The objective of the present study is to propose a method based on a life cycle approach for assessing direct and indirect employment effects induced by the implementation of a biomass project. The proposed method divides Japan into three regions, namely, the project spot (i.e. the region where a biomass project is actually done), the nearby region and the distant region, to estimate the increase/decrease in employment in the above three regions. A hybrid method that combines process and input-output analysis is used for estimating direct and indirect employment. As a result of applying the proposed method to a small-scale biogas project in Hokkaido, Japan, the increase in indirect employment outside the project spot was larger than the increase in direct employment in the project spot. Moreover, it was clarified that increased employment in the distant region (outside of Hokkaido) resulting from equipment maintenance/repair and fuel production can be moved to the nearby region (inside of Hokkaido) by using local businesses and a wide-range cooperation. The method proposed in the present study allows for an appropriate understanding of the employment effect of a project and a successful design and/or improvement of a project for the region and/or Japan.
Evaluation of global hydrogen demand in electricity, stationary and transportation sectors has been conducted under the assumption that CO2-free hydrogen is produced in seven regions by using a global and long-term intertemporal optimization model, GRAPE. CO2-free hydrogen was assumed to be transported to other regions. Applied CO2 constraint is 50% reduction for all regions and 80% reduction for developed regions in 2050 from the 1990 level. It has been found that under the severe CO2 constraint, approximately 800 Mtoe and 57 Mtoe of hydrogen is used in the world and in Japan in 2050, respectively. It has also been found that hydrogen demand in Japan is largely influenced by other zero emission technologies such as nuclear and CO2 capture and storage in the power sector.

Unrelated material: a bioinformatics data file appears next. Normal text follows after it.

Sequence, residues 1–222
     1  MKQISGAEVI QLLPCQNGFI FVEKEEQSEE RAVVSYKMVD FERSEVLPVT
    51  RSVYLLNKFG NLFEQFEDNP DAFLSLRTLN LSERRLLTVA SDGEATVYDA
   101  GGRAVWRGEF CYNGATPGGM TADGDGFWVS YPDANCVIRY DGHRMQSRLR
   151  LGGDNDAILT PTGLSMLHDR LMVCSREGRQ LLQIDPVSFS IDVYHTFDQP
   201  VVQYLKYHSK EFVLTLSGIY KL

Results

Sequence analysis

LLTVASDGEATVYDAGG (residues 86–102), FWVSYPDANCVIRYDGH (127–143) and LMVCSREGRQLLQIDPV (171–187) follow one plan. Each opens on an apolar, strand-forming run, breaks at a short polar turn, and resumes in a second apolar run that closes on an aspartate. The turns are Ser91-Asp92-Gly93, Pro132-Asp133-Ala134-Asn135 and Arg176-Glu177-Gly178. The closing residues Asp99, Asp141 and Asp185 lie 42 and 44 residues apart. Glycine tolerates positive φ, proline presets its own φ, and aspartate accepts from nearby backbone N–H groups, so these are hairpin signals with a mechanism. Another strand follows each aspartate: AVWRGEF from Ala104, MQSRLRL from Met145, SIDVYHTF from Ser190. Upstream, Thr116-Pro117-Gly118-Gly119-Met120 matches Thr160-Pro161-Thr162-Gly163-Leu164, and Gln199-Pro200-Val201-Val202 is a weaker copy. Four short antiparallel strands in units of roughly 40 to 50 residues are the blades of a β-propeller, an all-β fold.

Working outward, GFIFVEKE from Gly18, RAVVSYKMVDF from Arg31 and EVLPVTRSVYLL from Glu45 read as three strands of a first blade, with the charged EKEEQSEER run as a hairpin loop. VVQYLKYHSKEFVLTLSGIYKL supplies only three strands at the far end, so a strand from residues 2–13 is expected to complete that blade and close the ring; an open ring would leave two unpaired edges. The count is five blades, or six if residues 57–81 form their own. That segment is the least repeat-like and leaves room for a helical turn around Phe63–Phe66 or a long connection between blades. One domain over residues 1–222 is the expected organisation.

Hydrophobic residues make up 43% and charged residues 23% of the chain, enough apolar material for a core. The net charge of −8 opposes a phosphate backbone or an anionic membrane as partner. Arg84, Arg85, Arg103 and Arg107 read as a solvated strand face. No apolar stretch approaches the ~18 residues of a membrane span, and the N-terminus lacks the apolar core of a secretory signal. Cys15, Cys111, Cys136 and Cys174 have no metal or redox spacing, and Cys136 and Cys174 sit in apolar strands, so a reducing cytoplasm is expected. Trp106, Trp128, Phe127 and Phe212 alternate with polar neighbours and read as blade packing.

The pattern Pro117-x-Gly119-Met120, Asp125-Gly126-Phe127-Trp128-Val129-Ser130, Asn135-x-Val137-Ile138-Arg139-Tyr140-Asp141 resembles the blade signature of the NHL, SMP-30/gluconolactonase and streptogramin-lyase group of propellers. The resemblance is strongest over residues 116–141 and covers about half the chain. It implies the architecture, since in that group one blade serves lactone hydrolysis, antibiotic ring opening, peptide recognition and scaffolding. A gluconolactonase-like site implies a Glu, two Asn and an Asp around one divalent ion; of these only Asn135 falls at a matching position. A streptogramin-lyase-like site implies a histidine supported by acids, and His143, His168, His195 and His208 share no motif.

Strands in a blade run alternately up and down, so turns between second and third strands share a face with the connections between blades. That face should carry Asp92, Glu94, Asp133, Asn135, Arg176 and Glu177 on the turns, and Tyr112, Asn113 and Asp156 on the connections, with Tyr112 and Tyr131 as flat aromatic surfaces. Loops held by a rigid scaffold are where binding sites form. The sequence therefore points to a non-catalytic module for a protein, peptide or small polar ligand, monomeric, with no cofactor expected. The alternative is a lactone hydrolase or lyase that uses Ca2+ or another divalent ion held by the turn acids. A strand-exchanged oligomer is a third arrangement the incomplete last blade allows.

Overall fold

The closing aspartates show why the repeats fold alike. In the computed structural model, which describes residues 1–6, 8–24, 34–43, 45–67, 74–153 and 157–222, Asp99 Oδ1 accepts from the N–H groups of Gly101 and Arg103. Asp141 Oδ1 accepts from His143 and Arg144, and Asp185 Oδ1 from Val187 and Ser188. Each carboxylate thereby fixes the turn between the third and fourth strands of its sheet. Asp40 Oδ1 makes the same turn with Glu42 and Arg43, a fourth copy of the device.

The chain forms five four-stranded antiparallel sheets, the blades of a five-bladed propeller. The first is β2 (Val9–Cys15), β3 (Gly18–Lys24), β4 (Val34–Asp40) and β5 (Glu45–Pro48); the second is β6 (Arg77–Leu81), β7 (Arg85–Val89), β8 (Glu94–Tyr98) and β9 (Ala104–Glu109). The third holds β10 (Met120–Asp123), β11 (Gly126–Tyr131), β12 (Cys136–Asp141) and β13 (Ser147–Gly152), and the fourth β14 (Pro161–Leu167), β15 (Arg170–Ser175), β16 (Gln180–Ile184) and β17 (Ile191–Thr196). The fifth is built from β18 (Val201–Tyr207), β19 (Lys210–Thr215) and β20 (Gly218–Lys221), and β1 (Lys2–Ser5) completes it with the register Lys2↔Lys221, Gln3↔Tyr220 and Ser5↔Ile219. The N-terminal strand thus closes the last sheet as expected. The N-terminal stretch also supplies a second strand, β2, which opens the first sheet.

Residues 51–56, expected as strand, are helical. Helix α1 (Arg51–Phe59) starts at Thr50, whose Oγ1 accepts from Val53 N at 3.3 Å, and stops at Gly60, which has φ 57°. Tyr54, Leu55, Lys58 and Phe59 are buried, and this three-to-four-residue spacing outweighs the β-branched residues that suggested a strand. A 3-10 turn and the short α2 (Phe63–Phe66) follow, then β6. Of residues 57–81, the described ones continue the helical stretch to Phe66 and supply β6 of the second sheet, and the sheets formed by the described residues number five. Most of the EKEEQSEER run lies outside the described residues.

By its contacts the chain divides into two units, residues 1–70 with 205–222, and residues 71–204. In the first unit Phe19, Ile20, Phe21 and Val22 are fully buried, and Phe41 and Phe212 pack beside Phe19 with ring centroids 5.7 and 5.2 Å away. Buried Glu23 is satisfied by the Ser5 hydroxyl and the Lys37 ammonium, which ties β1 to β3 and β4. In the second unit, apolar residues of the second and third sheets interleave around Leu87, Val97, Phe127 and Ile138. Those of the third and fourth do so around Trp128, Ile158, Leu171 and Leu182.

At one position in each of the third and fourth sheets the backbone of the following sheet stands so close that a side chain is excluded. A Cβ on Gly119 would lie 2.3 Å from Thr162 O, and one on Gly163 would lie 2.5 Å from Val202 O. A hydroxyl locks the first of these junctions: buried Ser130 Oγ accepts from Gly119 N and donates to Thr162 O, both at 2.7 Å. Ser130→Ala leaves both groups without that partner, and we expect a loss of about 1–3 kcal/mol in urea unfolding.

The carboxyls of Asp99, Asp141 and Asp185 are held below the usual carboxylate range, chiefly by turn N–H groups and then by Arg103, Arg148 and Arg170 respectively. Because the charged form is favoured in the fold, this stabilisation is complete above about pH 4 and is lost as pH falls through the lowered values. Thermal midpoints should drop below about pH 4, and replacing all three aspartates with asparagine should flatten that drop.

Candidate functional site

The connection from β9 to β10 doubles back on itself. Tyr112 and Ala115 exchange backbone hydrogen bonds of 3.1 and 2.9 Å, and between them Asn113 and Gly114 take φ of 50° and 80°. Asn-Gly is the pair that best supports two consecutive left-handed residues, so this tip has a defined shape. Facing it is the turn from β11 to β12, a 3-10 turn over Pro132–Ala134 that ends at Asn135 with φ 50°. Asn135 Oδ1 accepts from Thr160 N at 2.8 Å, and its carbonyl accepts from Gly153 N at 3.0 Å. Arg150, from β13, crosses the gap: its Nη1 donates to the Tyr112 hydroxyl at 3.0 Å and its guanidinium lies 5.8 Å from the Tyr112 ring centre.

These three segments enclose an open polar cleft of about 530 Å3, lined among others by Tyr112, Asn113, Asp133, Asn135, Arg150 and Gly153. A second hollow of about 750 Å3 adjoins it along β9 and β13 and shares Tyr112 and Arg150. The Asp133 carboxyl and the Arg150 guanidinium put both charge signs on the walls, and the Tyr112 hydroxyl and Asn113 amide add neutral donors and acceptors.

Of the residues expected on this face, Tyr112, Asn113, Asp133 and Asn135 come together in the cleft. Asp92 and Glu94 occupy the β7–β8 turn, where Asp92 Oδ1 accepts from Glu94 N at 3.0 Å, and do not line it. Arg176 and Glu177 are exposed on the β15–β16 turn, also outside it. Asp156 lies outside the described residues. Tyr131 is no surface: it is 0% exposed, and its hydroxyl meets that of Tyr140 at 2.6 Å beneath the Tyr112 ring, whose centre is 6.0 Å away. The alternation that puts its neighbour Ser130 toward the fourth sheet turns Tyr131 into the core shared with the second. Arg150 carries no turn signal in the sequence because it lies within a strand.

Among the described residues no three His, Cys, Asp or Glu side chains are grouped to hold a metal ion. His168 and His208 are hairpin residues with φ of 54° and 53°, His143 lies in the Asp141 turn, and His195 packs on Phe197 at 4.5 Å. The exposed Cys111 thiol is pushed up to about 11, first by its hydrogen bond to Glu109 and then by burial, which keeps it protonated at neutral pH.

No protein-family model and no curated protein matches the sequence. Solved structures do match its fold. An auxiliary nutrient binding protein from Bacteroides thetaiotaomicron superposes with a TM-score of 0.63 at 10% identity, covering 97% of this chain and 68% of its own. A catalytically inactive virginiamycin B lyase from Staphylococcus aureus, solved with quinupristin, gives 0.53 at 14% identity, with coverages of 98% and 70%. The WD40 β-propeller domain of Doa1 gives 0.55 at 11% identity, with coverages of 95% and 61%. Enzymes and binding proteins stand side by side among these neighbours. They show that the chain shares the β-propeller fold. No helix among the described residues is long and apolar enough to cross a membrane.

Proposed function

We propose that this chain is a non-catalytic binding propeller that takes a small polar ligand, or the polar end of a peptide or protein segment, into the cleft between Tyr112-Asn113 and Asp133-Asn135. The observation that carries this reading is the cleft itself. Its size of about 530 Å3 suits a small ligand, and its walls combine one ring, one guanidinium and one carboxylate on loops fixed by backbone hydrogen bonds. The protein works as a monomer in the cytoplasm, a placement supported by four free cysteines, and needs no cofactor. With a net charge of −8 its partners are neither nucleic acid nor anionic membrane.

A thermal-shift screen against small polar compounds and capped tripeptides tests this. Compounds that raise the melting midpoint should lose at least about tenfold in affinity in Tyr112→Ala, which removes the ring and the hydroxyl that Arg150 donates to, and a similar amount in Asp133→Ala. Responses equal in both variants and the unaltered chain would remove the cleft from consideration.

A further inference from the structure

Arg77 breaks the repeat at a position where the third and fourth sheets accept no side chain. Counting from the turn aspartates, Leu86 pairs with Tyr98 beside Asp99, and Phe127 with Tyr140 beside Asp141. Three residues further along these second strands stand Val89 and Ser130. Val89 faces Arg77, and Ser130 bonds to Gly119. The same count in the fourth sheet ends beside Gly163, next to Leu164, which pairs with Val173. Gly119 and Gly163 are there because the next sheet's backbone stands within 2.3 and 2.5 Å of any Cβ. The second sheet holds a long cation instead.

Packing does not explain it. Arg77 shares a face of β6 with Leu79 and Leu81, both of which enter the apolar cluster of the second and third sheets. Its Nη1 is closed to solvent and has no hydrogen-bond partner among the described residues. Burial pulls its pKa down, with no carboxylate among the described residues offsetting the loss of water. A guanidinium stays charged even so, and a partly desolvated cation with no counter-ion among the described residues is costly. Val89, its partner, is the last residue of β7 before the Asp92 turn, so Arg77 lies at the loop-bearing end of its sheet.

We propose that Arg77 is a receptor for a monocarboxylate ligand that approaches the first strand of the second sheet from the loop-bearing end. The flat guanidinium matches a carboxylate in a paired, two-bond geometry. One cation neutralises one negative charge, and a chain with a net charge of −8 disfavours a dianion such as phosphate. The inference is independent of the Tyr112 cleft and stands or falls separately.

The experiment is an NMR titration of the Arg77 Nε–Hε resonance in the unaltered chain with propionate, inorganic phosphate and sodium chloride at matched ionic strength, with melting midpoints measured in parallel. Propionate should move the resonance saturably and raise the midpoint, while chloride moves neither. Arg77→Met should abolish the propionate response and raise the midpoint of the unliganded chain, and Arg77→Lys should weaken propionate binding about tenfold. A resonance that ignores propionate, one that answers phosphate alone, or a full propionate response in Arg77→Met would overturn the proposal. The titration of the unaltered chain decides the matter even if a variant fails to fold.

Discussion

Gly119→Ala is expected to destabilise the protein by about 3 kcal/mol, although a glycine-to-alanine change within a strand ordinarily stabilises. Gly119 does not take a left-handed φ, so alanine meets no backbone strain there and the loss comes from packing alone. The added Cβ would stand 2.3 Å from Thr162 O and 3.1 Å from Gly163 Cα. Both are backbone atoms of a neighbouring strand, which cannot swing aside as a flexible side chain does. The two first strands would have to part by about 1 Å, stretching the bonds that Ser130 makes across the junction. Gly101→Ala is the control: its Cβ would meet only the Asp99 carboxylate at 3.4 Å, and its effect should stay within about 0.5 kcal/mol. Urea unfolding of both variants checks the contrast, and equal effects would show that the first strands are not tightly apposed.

The aeration rate is an important factor influencing the growth of microalgae. In this work, different aeration rates: 0.2, 0.4, 0.6, 0.8 and 1 volume per volume per minute (vvm) were applied to investigate the effect of aeration rate on Scenedesmus quadricauda (S. quadricauda) by using a column photobioreactor. The biomass concentration at early stationary phase and growth rate increased with the increasing of aeration rate, but the aeration rate above 0.6 vvm caused the decline in both growth rate and biomass concentration. The aeration rate did not have the effect on lipid content (around 17%), lipid yield has similar trend with biomass concentration. The optimum aeration rate for lipid yield was 0.6 vvm with 0.553 g L-1 of biomass concentration, 17.6 % of lipid content and 97.3 mg L-1 of lipid yield.